“A Service Learning Process – In Honor of Rev. Dr. Martin L. King, Jr. and Cesar Chavez” Culminating Event
Tuesday, January 19, 2010
On Tuesday, January 19, 2010, Master of Ceremonies Shauntay Hinton saluted six Los Angeles Unified School District (LAUSD) high schools, including Arleta High School, Cleveland High School, Felicitas and Gonzalo Mendez Learning Center, Jefferson High School, King/Drew Medical Magnet High School and Roosevelt High School, as they presented their service learning projects at the culmination event to an audience of 200 students, teachers and administrators at the Museum of Tolerance (MOT). The three month program, entitled “A Service Learning Process – In Honor of Rev. Dr. Martin L. King, Jr. and Cesar Chavez” provided students the opportunity to learn about the life, work, and principles of Dr. King and Chavez, as well as connect the needs in their school and community to create and implement a high quality service-learning project at their school. The program was made possible with the partnership with MOT, the Cesar Chavez Education Institute (CCEI) and LAUSD.
The small team of students was chosen by their teacher(s) to participate in leadership and service learning training at MOT. They were expected to plan and implement a service-learning project that represents an important issue and/or need unique to their school community. The lead team shared with their club or classmates what they are learning in the workshops at MOT and included them in the important task of developing their exemplary projects.
For the Fall 2009 Program, about 10 student leaders from each of the six high schools participated in two sessions of leadership workshops and service-learning training at MOT. These students also toured the Museum and examined exhibits describing historic and current issues such as racism, social justice, human rights and the Holocaust. Moreover, they had the opportunity to listen and witness civil rights speakers such as Dr. Terrence Roberts, a member of the “Little Rock Nine”, speakers from the Coalition to Abolish Slavery and Trafficking, and Manual Bernal, VP of the National Farm Workers Service Center. Through video and live interactive presentations, the students observed performances from Living Voices about the civil rights era and farmworkers’ struggle during the 1960s.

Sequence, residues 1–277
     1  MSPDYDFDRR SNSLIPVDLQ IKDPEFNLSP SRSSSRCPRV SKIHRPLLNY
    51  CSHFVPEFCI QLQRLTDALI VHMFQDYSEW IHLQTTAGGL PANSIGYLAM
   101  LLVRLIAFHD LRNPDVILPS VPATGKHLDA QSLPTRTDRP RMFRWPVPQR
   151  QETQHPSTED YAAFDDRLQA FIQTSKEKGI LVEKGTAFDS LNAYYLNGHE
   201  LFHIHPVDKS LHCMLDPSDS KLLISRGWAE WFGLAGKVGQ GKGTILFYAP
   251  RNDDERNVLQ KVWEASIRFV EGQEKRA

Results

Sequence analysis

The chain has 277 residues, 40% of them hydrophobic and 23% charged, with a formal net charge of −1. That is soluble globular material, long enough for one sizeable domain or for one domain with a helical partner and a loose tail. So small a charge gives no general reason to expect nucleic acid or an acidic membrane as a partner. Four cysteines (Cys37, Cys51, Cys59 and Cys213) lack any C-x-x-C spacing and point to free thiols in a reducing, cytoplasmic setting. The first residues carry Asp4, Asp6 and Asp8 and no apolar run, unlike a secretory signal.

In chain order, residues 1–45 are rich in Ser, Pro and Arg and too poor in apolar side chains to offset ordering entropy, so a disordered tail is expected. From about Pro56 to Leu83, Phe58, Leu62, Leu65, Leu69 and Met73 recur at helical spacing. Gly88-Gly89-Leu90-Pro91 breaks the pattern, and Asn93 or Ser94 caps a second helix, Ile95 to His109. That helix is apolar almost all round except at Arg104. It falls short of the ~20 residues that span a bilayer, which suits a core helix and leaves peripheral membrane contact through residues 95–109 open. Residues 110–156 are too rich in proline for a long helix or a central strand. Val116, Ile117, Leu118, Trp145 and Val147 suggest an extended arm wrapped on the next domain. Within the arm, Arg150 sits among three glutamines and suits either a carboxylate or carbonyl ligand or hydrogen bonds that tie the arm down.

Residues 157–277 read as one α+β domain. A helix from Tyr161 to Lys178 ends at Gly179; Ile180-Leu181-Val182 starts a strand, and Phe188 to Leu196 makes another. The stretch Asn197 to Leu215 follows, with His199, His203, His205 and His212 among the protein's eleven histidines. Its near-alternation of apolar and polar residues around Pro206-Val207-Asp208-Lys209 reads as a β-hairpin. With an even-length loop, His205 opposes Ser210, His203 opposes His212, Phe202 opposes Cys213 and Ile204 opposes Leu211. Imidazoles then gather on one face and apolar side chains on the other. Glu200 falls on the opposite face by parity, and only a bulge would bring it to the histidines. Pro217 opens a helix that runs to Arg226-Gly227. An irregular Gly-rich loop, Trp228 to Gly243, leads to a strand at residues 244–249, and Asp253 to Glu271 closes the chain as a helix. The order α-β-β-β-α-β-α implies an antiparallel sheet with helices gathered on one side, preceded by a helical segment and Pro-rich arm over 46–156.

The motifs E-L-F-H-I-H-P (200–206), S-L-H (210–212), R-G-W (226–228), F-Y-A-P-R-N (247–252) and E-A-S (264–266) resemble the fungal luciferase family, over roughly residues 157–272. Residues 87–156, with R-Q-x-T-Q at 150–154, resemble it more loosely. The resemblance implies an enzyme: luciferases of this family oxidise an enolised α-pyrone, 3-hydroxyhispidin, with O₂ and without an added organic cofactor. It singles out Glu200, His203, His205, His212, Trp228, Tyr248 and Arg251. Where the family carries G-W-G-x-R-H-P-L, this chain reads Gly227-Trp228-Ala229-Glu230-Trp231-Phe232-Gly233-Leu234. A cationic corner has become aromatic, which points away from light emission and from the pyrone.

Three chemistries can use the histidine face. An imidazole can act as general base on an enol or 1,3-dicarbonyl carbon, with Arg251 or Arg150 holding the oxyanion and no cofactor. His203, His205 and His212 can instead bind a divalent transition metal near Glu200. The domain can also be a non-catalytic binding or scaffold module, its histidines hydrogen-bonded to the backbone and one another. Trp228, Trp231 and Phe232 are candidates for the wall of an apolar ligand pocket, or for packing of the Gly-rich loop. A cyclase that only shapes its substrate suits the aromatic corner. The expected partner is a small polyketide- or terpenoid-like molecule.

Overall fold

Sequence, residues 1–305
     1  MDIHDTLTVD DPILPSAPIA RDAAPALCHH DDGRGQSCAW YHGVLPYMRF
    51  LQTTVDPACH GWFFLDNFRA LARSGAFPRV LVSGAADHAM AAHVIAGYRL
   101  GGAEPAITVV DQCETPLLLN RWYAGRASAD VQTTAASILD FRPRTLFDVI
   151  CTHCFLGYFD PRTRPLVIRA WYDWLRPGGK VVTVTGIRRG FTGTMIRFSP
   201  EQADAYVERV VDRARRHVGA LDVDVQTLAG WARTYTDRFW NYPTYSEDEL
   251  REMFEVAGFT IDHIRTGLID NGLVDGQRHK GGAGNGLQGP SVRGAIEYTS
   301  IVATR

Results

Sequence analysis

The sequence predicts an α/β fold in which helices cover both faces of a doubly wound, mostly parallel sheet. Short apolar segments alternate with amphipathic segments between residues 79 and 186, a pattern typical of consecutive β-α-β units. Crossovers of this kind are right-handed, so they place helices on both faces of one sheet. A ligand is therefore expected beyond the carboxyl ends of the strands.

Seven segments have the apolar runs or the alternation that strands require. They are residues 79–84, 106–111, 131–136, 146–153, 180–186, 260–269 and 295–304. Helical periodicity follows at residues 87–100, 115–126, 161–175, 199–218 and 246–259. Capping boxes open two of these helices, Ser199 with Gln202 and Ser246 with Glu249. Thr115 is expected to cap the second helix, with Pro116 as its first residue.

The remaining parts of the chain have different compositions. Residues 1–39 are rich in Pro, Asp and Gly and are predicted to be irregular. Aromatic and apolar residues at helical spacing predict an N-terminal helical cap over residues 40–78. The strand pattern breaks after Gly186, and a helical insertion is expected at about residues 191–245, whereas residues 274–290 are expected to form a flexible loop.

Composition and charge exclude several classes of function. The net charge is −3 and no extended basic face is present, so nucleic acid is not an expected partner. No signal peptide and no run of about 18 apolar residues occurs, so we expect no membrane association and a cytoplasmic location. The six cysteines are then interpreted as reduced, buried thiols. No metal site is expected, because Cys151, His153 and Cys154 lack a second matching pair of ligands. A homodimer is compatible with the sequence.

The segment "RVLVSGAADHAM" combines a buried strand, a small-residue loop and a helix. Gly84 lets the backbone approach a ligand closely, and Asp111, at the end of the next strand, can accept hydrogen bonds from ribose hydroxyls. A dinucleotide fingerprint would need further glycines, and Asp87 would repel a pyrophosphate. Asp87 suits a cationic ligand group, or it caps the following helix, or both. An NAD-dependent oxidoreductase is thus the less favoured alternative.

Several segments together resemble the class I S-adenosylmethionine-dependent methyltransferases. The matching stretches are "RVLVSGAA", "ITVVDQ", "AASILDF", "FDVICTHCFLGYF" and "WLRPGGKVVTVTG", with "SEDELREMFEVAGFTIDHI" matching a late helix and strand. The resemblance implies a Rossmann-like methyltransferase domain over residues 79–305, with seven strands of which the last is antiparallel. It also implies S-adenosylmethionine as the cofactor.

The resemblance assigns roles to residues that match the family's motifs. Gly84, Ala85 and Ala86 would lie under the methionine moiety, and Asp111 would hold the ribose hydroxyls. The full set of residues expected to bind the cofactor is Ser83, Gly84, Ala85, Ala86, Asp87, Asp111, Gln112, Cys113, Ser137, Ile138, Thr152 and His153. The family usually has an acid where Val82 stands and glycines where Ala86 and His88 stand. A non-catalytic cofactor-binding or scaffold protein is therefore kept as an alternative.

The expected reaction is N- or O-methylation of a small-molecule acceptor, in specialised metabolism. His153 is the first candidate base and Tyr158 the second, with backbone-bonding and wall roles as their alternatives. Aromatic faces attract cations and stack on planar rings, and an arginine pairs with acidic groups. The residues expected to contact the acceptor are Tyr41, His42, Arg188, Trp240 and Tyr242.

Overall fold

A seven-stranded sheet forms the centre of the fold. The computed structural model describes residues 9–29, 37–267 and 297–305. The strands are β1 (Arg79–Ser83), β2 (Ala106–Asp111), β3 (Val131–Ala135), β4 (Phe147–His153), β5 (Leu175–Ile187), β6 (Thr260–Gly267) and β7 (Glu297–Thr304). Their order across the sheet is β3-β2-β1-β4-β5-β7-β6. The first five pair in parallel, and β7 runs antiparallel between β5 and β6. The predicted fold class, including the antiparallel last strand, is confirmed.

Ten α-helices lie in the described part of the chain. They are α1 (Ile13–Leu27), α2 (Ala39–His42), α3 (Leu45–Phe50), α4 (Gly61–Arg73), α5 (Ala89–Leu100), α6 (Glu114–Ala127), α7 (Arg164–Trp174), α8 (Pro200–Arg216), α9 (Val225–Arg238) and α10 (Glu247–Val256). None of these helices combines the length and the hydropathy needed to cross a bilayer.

From their experiences at the Museum, structured planning and brainstorming, the students created, developed and implemented high quality service-learning projects at their respected high schools ranging from topics of violence prevention, promotion of human rights, domestic trafficking and slavery awareness, mental wellness, peace murals for campus and the creation of ‘green’ alleys.
Throughout their service-learning training, the students are able to understand the importance of civic engagement, values of respect and responsibility, and meaningful service to the LA community by participating in a holistic service learning process.
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